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The serendipity of motorhome travel

The beauty of motorhome life is that you can move on at a moment’s notice. And sometimes you have to.

We are making our way down the east coast of Italy to catch a ferry to Sicily, then on to Malta and Gozo; but as we’re not in too much of a hurry, we are enjoying Italy’s northern regions.

Three days ago we parked in the pretty town of Cesenatico, where the high street is a canal that runs down to a fishing harbour and beach, and seafood restaurants abound. Even the seagulls are stylish (see banner image).

We planned to stay two days in the free camperstop, only a few hundred metres from the centre.

It turned out to be a lively site, with expensive, top-of-the-range Italian vans jostling for space with shabby but well-loved vans, some clearly full-time homes.

There was even a mobile brothel, complete with a pink feather boa hanging from the rear-view mirror and a large picture of an attractive woman on the passenger seat to tempt potential customers. I presumed when it disappeared the working girl was, well, working.

This is not the first mobile brothel we have spotted on our Italian journey. A very attractive young woman plied her trade from a small camper van parked outside a large shipping container yard close to our Venice campsite.

And the roads are peppered with billboards signs promoting “Sexy” shops, where all sorts of delights are promised.

But I digress, back to Cesenatico. We woke on Saturday morning to discover our leisure battery was almost flat, and we were in danger of running out of power.

Digression number 2: Motorhomes get their electrical power from two sources: an electric hook up, usually at a campsite, where you plug your van into mains electricity and can run, well almost any appliance. Except when the mains electricity is only 6 amps (as it seems to be in most Italian sites); then you can just about plug in your MacBook.

The second source is a leisure battery which holds electrical power, and is charged up when you’re driving, just like a car battery. It can also be charged by solar panels, which we have.

This battery holds enough power for a few days off grid, provided it is fully charged and you don’t run appliances that need a lot of power, like hairdryers (how do the working girls manage?).

For a proper explanation on how electricity in a van works, particularly leisure batteries, the Camping and Caravanning Club has produced this helpful guide

Anyway, back to Saturday morning in Cesenatico. We had not driven long enough the day before to fully charge our leisure battery, and the solar panels need sun to work. Weather report: There is no sun in north Italy at the moment.

Without electricity we could not run the pump that drives our gas heating, and without heating we would freeze.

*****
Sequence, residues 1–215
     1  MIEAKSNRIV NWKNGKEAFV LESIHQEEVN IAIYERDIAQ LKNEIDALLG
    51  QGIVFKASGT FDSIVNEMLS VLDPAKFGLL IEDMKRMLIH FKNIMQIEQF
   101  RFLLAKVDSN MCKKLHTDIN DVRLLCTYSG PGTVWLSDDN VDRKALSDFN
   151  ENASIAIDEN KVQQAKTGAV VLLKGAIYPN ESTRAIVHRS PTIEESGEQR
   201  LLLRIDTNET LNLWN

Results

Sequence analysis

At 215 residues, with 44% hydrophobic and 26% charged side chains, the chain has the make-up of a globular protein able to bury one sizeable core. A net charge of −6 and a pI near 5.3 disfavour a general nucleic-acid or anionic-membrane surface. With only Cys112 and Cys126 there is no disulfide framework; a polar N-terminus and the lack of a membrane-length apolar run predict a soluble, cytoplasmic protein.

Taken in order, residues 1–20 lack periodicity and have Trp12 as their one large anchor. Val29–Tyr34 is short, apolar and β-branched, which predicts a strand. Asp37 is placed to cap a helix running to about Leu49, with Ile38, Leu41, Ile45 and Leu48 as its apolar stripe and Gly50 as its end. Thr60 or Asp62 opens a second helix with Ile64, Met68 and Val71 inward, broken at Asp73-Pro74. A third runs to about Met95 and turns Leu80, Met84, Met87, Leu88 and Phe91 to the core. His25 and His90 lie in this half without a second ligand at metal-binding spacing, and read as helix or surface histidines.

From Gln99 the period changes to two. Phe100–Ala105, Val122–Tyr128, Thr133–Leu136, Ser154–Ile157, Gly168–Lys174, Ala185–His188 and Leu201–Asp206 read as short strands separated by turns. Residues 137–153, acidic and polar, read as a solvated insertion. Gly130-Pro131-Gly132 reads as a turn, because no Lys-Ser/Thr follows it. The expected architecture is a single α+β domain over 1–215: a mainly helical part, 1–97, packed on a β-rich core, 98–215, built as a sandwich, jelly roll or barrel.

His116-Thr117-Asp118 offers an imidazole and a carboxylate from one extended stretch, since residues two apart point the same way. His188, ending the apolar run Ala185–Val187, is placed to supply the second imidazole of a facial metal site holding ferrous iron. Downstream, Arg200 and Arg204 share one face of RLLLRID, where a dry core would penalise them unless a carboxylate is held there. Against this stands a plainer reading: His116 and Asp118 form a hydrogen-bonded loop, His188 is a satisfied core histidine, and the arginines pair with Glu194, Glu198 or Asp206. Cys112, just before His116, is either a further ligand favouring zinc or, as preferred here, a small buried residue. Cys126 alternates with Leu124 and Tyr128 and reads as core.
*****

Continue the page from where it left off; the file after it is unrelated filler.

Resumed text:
So, reluctantly, we abandoned the idea of enjoying a long, leisurely lunch at one of Cesenatico’s fine seafood restaurants, complete with the obligatory Prosecco, or two; instead we headed to Loreto, a small hill-town 150 kms south.

Why Loreto? I hear you ask. Because, according to our trusty guide, Camperstop Europe, the town has an interesting church, and more importantly a cheap campsite with electric hook-up, showers and wifi. And it was on our (rough) route to the ferry.

Our guide turned out to be less than trustworthy.

The campsite did indeed have electricity, showers and wifi (which was switched off at night for some strange reason), but the interesting church was in fact the magnificent Basilica Della Santa Casa, where four million pilgrims head each year to pay homage to the Virgin Mary.

The Basilica is home to three walls of Mary’s Nazareth house (Santa Casa), brought from Holy Land in 1294, or thereabouts.

Only a few days ago I had been disappointed by St Mark’s Basilica in Venice. I was entranced by Santa Casa.

Its appeal was heightened by the Festival of St Antonio Abate, patron saint of domestic animals, butchers and gravediggers, which took place on Sunday morning.

Just before lunchtime, local people brought their pets, mostly dogs, with some horses, two oxen and a solitary cat, to the piazza in front of the church to be blessed.

The local brass band, effortlessly stylish in their red quilted jackets and, of course, sunglasses, provided the music, and the air was full of deep throated barking, high pitched whines, and, well, love.

It was a delightful way to spend a cold, grey Sunday, as part of a crowd of people who had gathered to share their love of their pets, and their faith.

It may sound sentimental, corny even, but we enjoyed every moment. And we would have missed it if our leisure battery had been fully charged.

It is these magical moments that make travel so compelling.

Of course there are times when driving round Europe in a van is less rewarding, hard work even.

We miss our family so much. Limitless, fast wifi is but a distant dream, as are rose scented bubble baths. And I dream of roast chicken.

But tonight we hope to sleep in a vineyard, and tomorrow…well, God only knows what tomorrow will bring.

Our Instagram account has lots of pictures from our travels, see them here.

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2 Responses

  1. I spent quite a bit of time in the region around Ancona while waiting for the ferry to Greece and loved all the hilltop towns and the Basilica of Loreto. I recently found a replica of the House of the Virgin Mary of Loreto here in Salemi, Sicily.

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